Oftentimes, the Right Thing to Do is also the Hardest
In early 1991, a young woman named Teresa found herself pregnant with her second child. Teresa feared she would not be able to adequately care for two babies on her own. Without her family’s knowledge, she carried her baby to term knowing the best decision would be to place her baby for adoption.
“Nobody knew,” said Teresa. “I was all alone in the decision. I knew that if I told anyone that they would not support me even though I knew I couldn’t give this baby everything I felt she deserved.”
On November 12, 1991, Teresa delivered a healthy, beautiful baby girl. Working with Mississippi Children’s Home Services, now Canopy Children’s Solutions, Teresa placed her baby for adoption. The baby, named Danielle, was placed with a family in Vicksburg.
“It was the hardest thing I had ever done,” said Teresa. “Even though I knew I made the right decision, I had so much guilt. Every time I looked at my other daughter, I thought of her sister. It broke my heart.”
A few years later, Teresa married and confided in her husband about the adoption. Her husband encouraged her to reach out and try to find Danielle. Teresa returned to Canopy for information. In the early 90s, adoptions were a very private matter. Parents often did not disclose information about the adoption even to the child. The agency was not able to provide Teresa with any information about her baby or the adoptive family, although they assured her she was safe, cared for and dearly loved. Teresa continued to hope that one day she would see her baby girl again.
Where Did I Come From?
When Danielle was 12 years old, she learned she was adopted. She had always wondered why no one ever mentioned her having her mother’s eyes or her daddy’s smile. While grateful for the wonderful life her parents had provided her, she desperately wanted to know about her birth family.
“All my best friends looked like somebody,” said Danielle. “It really bothered me. I had questions I needed answers to. More than answers, I wanted to know where I came from and who I looked like.”
After Danielle turned 18 in 2009, she reached out to Canopy to begin searching for her birth mother. While she was legally old enough to receive limited information about her adoption, she had to wait until age 21 to gain full access to her personal adoption file.
In 2016, Canopy’s Lakeisha White took over the search. Searching new family ancestry cites, public information databases and social media platforms, Lakeisha finally got a hit. A Facebook search gave her hope Teresa was still in the area. After reaching out to the owner of the account on numerous occasions, she received no response.
“It was a little disheartening when I didn’t hear anything back at first,” said Lakeisha. “I told myself she could have been scared or maybe she didn’t check her messages, so I stayed positive and gave it time.”
A Lucky Break
One day, Lakeisha walked into a local restaurant. Glancing up at the staffer’s nametag, she couldn’t believe her eyes. It was Teresa! Overcome with emotion, Lakeisha collected herself and asked to speak with Teresa briefly.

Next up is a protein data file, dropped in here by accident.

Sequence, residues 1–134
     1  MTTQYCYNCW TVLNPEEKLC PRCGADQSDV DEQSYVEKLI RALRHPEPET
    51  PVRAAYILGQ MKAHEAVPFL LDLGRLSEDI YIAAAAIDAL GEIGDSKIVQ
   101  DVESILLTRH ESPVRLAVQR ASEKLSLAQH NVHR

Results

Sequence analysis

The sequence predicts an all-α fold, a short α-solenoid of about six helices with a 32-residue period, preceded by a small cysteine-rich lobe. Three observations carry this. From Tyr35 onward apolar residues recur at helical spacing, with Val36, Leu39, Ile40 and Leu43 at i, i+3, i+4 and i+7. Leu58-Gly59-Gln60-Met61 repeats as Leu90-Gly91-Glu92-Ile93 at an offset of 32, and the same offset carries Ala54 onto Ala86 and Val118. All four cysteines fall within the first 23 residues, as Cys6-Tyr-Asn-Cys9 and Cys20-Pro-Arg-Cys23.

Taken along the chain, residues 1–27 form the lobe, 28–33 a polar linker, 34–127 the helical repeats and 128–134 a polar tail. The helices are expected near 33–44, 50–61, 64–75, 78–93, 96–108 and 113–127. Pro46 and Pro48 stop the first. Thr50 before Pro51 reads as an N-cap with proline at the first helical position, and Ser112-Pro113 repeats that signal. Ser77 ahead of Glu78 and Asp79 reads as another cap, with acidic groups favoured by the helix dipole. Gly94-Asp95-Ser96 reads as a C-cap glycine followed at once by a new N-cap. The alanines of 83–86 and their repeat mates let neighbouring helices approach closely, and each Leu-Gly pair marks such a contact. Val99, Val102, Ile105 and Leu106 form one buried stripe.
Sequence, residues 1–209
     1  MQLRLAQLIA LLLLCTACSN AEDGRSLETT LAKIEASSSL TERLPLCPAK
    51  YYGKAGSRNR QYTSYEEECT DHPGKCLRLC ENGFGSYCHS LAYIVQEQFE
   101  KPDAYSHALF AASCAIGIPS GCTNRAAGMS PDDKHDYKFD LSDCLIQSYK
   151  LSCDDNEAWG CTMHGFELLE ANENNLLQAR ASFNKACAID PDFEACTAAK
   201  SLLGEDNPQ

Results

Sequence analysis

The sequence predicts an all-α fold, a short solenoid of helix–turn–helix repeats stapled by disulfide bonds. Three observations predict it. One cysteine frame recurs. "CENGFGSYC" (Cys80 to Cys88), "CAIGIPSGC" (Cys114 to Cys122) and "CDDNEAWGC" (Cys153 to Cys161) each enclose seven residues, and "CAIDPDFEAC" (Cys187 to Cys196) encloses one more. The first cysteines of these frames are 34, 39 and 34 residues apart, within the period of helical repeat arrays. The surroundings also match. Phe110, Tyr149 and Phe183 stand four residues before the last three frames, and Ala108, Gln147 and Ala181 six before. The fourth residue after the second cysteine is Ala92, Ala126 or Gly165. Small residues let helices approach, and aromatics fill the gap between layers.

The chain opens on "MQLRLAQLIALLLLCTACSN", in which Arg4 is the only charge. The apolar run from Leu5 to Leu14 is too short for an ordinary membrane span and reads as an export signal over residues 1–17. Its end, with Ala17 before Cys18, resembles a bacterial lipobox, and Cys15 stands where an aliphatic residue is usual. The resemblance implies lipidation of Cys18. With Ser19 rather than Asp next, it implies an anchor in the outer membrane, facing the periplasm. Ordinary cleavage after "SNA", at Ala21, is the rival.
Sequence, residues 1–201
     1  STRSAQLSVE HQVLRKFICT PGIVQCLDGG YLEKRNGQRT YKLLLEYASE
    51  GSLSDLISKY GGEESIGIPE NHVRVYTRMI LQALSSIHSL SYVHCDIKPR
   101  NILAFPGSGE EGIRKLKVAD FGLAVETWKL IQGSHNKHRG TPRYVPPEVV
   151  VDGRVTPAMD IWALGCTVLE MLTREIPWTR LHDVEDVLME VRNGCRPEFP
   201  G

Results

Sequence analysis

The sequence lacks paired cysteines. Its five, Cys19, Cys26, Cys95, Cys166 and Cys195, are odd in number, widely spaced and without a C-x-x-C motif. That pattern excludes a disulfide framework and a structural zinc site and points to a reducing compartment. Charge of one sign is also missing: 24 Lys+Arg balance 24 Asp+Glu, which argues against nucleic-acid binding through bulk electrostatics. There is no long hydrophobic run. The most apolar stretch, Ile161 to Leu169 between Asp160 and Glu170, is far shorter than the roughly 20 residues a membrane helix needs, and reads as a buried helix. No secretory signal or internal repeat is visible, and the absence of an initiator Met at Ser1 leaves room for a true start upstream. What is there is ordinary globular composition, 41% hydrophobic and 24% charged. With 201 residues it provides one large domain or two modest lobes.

“I handed her my card and asked her to call me when she was off work,” said Lakeisha. “Looking at my card, her eyes welled up. She knew what I was going to tell her. She began to cry and pulled me into the bathroom. ‘Are you my daughter?’ she asked me. ‘Do you know my daughter?’ she repeated.”
Lakeisha explained that she worked for Canopy Children’s Solutions and her daughter had contacted the agency looking for her [Teresa]. She explained that Danielle wanted to meet her and asked if that was something Teresa would be willing to do. Lakeisha took down Teresa’s contact information and gave her a few days to collect her thoughts.
“I was excited, but I was also very afraid,” said Teresa. “This was a secret I had kept for nearly 25 years; even my mom didn’t know. So many things ran through my head.”
A few weeks later, Teresa and Danielle spoke over the phone for the first time.
“It was crazy the connections we had,” said Danielle. “The things that we liked that were similar, we even had mutual friends.”
Danielle and Teresa met face-to-face on October 28, 2016 at the Canopy office in Jackson. Surrounded by family and friends, the birth mother and daughter reunited just before Danielle’s 25th birthday. When the door opened, the mother and daughter embraced. Smiles and happy tears filled the room. Teresa was accompanied by her daughters Madison and Tanesha, her mother Dorothy, and other extended family. Danielle was also accompanied by family. Everyone in the room cried and hugged.
“Tell your sister thank you for giving my baby a good life,” Teresa told Danielle’s aunt Patricia with tears flowing down her face. “Thank her, thank you, thank you all so much,” she repeated.
Danielle brought along photo albums of her life to show to Teresa. She also offered tokens of love: matching necklaces for her mother, birth mother and sisters each with a half charm matching a necklace she wore.
Laughter filled the room. They acted like old friends catching up.
After an hour or so, Danielle, Teresa and their families left to enjoy a family gathering at a local restaurant where other family members, including Danielle’s biological father, came together to celebrate.
For Danielle’s birthday two weeks later, she celebrated with her family she had always known as well as her new extended family. A day that for so long was filled with questions was finally filled with closure and overwhelming joy.